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Faces transform into other appearances and shapes.
They change from circles to ovals with a rectangular jaw.
One after the other—I feel like I watch a parade of constant change goes by.
I did watch a parade go by Saturday. By that afternoon, my gut turned green from changes in my schedule at work. I knew a few of the changes were coming, but Friday at 4; I was presented with more. A cast of nerves and thoughts paraded through my mind.
Diagnosed with OCD at seventeen, I have had to learn to adapt to change. Life leads us to spots in the road where we must make a U-turn or go another direction.
I was facing anxiety about Monday’s schedule on Friday after I had returned home from my second job and still heard third graders tattle telling in my ear.
If that was not enough for my nervous system, my husband and I attended a giant family get together of his father’s family. I had not met most of them. It has taken time for the concept of our marriage—since we are 32 years apart—to settle.
Before we left his father’s farm, John said, “Watch this.” John drove off the road into and over a small valley. He pulled up next to his teenage son who has ignored him as much as possible for two-and-a-half years. Although they had talked at the family gathering, John talked to him again.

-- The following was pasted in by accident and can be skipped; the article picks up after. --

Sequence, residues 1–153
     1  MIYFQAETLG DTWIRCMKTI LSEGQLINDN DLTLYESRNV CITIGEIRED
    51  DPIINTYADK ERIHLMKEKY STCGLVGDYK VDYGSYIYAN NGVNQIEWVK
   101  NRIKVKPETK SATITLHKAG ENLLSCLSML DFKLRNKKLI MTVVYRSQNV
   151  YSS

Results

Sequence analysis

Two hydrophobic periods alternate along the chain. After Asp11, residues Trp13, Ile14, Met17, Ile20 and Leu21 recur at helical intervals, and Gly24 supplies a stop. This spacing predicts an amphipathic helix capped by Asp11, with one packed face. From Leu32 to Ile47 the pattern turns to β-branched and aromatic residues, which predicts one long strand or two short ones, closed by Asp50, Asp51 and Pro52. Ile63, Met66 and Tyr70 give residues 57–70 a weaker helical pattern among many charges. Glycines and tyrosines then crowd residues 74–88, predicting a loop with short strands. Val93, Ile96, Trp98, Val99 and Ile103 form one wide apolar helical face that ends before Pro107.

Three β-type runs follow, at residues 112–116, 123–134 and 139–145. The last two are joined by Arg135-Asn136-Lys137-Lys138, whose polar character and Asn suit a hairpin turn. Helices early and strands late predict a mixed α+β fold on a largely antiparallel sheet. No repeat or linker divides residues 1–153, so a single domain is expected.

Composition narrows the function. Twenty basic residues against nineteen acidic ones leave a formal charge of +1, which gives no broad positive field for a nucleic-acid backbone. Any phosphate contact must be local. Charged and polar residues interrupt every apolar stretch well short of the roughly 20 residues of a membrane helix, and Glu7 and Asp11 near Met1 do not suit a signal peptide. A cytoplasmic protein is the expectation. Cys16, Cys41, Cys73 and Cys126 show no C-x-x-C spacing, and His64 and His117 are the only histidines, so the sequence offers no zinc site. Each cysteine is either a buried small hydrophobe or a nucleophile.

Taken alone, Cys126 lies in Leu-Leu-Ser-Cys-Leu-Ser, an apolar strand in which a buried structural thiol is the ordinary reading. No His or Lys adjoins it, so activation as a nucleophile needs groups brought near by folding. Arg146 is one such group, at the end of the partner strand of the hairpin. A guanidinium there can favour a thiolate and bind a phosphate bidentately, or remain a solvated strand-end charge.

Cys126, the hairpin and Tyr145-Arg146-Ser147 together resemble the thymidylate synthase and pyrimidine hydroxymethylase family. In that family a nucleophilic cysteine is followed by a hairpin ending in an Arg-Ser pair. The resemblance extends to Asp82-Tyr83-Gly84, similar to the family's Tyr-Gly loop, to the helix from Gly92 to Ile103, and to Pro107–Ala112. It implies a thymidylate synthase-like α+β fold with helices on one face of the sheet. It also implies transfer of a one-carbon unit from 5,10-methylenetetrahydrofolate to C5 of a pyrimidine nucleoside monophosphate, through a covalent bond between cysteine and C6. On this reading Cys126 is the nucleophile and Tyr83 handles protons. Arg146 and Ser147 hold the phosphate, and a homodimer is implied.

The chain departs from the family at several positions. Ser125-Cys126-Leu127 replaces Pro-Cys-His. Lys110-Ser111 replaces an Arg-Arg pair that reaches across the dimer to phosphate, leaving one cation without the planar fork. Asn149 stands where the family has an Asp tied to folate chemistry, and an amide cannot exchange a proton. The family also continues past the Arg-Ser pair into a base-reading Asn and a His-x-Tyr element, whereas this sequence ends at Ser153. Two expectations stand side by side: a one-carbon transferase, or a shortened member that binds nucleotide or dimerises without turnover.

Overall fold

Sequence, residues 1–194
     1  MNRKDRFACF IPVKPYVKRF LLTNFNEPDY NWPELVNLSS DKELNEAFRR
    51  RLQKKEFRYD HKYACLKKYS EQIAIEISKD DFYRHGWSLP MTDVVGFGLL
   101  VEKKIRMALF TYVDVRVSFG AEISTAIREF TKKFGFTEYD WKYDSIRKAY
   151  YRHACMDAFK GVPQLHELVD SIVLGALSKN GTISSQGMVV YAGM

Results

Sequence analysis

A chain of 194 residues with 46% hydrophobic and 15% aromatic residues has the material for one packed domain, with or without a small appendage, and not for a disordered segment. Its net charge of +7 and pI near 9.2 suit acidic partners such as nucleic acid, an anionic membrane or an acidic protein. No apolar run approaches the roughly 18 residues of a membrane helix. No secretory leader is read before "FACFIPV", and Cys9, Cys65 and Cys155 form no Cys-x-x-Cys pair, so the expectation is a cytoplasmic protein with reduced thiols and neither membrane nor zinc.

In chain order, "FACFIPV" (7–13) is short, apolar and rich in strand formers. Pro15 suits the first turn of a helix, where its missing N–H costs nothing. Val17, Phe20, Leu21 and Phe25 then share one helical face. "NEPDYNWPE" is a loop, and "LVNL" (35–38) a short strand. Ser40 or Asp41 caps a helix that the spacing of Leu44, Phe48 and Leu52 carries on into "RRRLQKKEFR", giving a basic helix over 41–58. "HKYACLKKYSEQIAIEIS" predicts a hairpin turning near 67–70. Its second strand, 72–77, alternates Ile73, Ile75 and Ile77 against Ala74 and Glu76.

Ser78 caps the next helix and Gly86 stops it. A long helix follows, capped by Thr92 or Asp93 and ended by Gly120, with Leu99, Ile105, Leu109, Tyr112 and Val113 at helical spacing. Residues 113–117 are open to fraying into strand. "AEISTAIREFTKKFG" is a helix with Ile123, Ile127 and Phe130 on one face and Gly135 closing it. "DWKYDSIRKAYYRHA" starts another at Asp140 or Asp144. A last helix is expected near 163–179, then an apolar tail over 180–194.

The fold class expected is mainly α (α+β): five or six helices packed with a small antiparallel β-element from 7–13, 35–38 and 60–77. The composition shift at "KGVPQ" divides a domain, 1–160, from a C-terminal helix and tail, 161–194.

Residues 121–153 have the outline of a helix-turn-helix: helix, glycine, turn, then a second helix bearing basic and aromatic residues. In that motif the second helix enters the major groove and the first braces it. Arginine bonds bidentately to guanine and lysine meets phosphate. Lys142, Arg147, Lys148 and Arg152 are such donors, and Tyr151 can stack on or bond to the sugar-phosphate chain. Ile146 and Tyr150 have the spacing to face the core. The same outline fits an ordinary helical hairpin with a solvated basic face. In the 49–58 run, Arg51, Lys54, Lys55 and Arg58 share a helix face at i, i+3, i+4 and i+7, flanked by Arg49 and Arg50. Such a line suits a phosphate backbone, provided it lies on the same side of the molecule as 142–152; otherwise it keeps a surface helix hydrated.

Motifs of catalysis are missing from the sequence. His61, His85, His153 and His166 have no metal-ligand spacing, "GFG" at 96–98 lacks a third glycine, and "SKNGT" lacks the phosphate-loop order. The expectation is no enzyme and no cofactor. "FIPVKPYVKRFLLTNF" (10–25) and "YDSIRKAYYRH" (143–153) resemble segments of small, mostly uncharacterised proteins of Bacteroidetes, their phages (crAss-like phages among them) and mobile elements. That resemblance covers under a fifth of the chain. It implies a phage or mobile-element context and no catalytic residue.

“I did that to remind him no matter how he tries to ignore me that I’m there. I will always be there for my son.”
My heart beat three times faster. Nerves pushed me against the wall.
What happens when nervousness follows us to the keyboard or on paper?
When I’m angry, I scrawl poetry.
When I’m sad, I write more poetry.
When I feel and think a mixture of thoughts, I write a new short story.
But, most writers know when they deal with mad, sadness or even happiness.
We do not deal as well when our nervous system collapses on us in the middle of writing or editing.
First you must step out of your comfort zone. Whether it is taking a break from the computer screen or going outside to observe people; we need a break from our anxiety. Take a walk. Get a drink. Occupy on your mind on a small project separate from writing.
Second listen to music. Play classical, blues or jazz. Music unleashes a flurry of feeling needed for all five senses in our writing.
Do not be afraid to occupy your mind with dreams of the future. Dream of that chance you will become a successful author, poet, editor, journalist or writing professor. Dream that person is you and what you might do. Record your dreams. Yes, you are writing again, but you are writing those feel good words needed to encourage you.
What are you going to expect when we, as writers, face the skepticism and sometimes hard to hear critiques of others and ourselves?
We look at the dreams we recorded to remember why it is we write in the first place.
By Rebecca T. Dickinson